5Tot. number of Bioceonosis Tot. N° facies/ associations “Barcelona Convention” classification system recognizes the existence of distinct bioceonosis and facies/associations occurring univocally in each biological zoneZoneTot. number of BioceonosisTot. N° facies/ associationsSupralittoral47Mesolittoral619Infralittoral965Circalittoral834Bathyal5Abyssal1Total32130UNEP (OCA)/MED WG 149/5 Rev. 1EUNIS LEVEL -2 GROUPINGTOTAL n. habitatsA122A29A337A423A559A6B21B32TOTAL162All the main Mediterranean benthic habitats listed by Barcelona Convention have been incorporated into EUNIS (ETC/BD activity).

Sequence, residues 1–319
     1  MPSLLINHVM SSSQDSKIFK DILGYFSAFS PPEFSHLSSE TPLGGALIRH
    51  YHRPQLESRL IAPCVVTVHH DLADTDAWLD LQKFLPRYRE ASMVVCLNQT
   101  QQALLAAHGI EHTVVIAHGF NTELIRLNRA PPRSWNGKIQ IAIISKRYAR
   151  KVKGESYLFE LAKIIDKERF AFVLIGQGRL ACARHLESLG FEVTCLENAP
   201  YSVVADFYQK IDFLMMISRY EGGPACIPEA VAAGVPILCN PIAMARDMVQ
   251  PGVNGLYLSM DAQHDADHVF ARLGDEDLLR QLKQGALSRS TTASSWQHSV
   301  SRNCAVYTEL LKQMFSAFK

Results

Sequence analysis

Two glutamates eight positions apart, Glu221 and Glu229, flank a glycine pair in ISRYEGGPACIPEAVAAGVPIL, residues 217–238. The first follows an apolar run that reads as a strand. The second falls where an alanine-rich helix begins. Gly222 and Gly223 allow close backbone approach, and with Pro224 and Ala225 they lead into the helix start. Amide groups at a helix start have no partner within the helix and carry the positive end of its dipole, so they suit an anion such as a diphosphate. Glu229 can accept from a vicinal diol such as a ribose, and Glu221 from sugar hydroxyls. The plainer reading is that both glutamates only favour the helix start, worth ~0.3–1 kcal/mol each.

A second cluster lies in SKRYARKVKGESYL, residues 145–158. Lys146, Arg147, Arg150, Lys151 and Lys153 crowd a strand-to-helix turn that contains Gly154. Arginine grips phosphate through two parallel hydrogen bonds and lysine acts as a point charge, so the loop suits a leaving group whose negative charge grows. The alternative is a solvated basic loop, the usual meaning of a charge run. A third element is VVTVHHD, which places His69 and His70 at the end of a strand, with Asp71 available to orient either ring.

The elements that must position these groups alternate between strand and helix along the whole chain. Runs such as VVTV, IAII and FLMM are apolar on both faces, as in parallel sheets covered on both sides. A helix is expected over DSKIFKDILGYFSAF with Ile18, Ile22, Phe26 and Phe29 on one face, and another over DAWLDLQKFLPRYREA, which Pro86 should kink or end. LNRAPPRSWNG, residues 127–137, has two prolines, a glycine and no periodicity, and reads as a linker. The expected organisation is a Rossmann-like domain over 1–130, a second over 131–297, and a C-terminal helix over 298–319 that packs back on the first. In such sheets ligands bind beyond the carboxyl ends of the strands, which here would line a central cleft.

6Proposal for discussion and future work What updates are needed?a) Some of the existing text definitions present in the system could be enriched to the benefit of the user.Proposal:-Provide a more thorough text definition for some of the presently listed Med habitat types.-Upload this into the system.Note: at the moment ISPRA has revised most habitat text definitions (covered up to part of the circalittoral) and with minor effort remaining deeper habitats can be defined.b) It is possible that some small assemblages may have been ignored in the Barcelona convention habitat recognition process (i.e. facies of Mytilus galloprovincialis in polluted waters). These should be inserted as new entries.-These can be revised within the framework of the revision effort of point a) above.